Libya: Much is left to be done to end impunity [fr]
Libya / ICC - Statement by Mrs Sheraz Gasri, Legal Adviser of the Permanent Representation of France to the United Nations - Security Council - 8 May 201
On behalf of my delegation, I congratulate you, Mr. President, on your assumption of the presidency of the Security Council. I thank the Prosecutor of the International Criminal Court, Ms. Bensouda, for the presentation of her thirteenth report. I wish to take this opportunity to affirm the full support of France for the Prosecutor and her team, for the International Criminal Court as a whole and for the full implementation of resolution 1970.
From the various reports by Ms. Bensouda, we have taken note of the prevailing insecurity and instability, which have made it increasingly difficult for her to continue her investigations. We welcome the support of the Prosecutor-General of Libya, which makes it possible to find innovative solutions and to continue investigations remotely when the necessary conditions for on-site visits are not always in place. France supports efforts to facilitate the gathering of evidence and the compilation of testimonies through secure channels.
Much remains to be done to end impunity in Libya. That is why France believes that it has never been more essential that the Security Council lend it support to the Court, as well as to the efforts of the United Nations and the United Nations Support Mission in Libya, to reach a political compromise in Libya. In that regard, we welcome the Secretary-General’s personal efforts. We also extend our full support to Prime Minister Faiez Mustafa Serraj and the Presidency Council to make institutions more efficient and fully representative. In addition to those general comments, we wish to make three specific remarks.
First, France recalls that the continuation of the investigations by the Office of the Prosecutor requires the full cooperation of all stakeholders. In order to be effective, that cooperation must be carried out in an integrated way, while giving full weight to the principle of complementarity.
In particular, close cooperation with Libyan authorities is essential to carry out investigations in complete security, in accordance with the mandate given to the Court by the Security Council. In that regard, I would like to recall the November 2013 memorandum of understanding on the sharing of responsibilities with the Libyan authorities, which provides a relevant framework.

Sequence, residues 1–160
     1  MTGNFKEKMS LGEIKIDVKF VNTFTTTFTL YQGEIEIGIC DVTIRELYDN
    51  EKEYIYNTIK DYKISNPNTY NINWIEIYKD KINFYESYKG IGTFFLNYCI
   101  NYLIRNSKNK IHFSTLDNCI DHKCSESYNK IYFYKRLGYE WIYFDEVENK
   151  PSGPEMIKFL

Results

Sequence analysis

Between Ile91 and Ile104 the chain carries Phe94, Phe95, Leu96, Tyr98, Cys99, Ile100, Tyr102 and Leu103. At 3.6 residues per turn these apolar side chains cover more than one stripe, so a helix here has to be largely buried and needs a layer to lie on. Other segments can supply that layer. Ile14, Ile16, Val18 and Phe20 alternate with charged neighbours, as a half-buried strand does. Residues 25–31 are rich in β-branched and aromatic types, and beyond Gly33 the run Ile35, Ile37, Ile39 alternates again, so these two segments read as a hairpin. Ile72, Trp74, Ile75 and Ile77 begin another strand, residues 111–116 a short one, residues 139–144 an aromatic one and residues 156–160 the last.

Furthermore, France believes it is essential to strengthen cooperation with all States, whether or not they are parties to the Rome Statute, in accordance with resolution 1970 (2011), to ensure that requests made by the Office of the Prosecutor can be answered in the most efficient and timely manner possible. This cooperation is all the more important in the context of highly complex and transnational investigations, which require a coordinated strategy. In this regard, we welcome the cooperation of the Tunisian, Dutch, British and Italian authorities, which was noted by the Prosecutor in her statement.
Our second remark relates to the elements in the report related to the ongoing investigations.
France believes it is essential that Mr. Saif Al-Islam Al-Qadhafi be surrendered to the Court, in accordance with the judges’ request. France calls on Libya to do everything possible to honour this obligation and put an end to the situation of non-compliance in which it finds itself. We take note of the decision of the Pre-Trial Chamber I, in which the Chamber found that the Court was under an obligation to comply with requests for cooperation with respect to the only recognized Government and not with respect to unrecognized entities, such as representatives of the Libyan State. We therefore call upon all entities concerned to allow the Government of National Accord to respond without delay to the Court’s requests.
With regard to the Abdullah Al-Senussi case, France takes note of the assessment by the Prosecutor in the report on the United Nations Support Mission in Libya issued in cooperation with the Office of the High Commissioner for Human Rights. France is pleased that the Prosecutor is closely following this procedure to determine if new elements are likely to challenge, once again, the decision of the Pre-Trial Chamber I to declare the case inadmissible before the International Criminal Court.
With regard to the case of Al-Tuhamy Mohamed Khaled, we take note of the Prosecutor’s decision to release the 2013 arrest warrant and call on Libya and all States to cooperate in order to bring the individual concerned before the Court without delay.
Thirdly, France wishes to revisit the views outlined in the report of the Office of the Prosecutor. We note the Office’s desire to continue to prioritize Libya in 2017 and to significantly expand its investigations into crimes committed since 2011. We note the Office’s desire to investigate crimes allegedly committed by Da’esh, Ansar Al-Sharia and other terrorist groups, but also atrocities perpetrated throughout the country, namely, in Benghazi, and other crimes related to trafficking in persons and the smuggling of migrants and refugees.
In conclusion, what we see in Libya shows us how the absence of justice fuels violence and makes reconciliation more difficult. That is why the Security Council unanimously referred the situation in Libya to the International Criminal Court, as was recalled earlier. We must provide the Court with the resources necessary to achieve its mission. France, which cooperates unreservedly with the Court, believes that this is only possible with the support of the Security Council, including in cases of non-cooperation.